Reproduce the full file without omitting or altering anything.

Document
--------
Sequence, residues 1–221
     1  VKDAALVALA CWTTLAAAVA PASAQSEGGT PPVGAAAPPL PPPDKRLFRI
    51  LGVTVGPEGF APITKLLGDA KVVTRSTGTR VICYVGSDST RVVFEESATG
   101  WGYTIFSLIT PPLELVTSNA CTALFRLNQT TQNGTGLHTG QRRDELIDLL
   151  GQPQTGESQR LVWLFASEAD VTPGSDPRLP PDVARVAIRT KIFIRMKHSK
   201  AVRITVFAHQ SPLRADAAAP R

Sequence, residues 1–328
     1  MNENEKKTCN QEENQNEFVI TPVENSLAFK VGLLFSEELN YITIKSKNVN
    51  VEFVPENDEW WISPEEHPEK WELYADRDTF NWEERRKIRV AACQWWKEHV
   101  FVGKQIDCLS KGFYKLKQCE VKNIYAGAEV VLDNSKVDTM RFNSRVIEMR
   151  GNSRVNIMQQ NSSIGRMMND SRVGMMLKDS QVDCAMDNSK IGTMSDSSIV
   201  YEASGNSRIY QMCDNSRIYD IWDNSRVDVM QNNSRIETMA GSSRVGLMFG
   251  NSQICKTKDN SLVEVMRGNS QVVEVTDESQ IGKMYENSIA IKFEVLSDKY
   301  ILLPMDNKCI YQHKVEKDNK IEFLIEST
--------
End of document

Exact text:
Sequence, residues 1–221
     1  VKDAALVALA CWTTLAAAVA PASAQSEGGT PPVGAAAPPL PPPDKRLFRI
    51  LGVTVGPEGF APITKLLGDA KVVTRSTGTR VICYVGSDST RVVFEESATG
   101  WGYTIFSLIT PPLELVTSNA CTALFRLNQT TQNGTGLHTG QRRDELIDLL
   151  GQPQTGESQR LVWLFASEAD VTPGSDPRLP PDVARVAIRT KIFIRMKHSK
   201  AVRITVFAHQ SPLRADAAAP R

Sequence, residues 1–328
     1  MNENEKKTCN QEENQNEFVI TPVENSLAFK VGLLFSEELN YITIKSKNVN
    51  VEFVPENDEW WISPEEHPEK WELYADRDTF NWEERRKIRV AACQWWKEHV
   101  FVGKQIDCLS KGFYKLKQCE VKNIYAGAEV VLDNSKVDTM RFNSRVIEMR
   151  GNSRVNIMQQ NSSIGRMMND SRVGMMLKDS QVDCAMDNSK IGTMSDSSIV
   201  YEASGNSRIY QMCDNSRIYD IWDNSRVDVM QNNSRIETMA GSSRVGLMFG
   251  NSQICKTKDN SLVEVMRGNS QVVEVTDESQ IGKMYENSIA IKFEVLSDKY
   301  ILLPMDNKCI YQHKVEKDNK IEFLIEST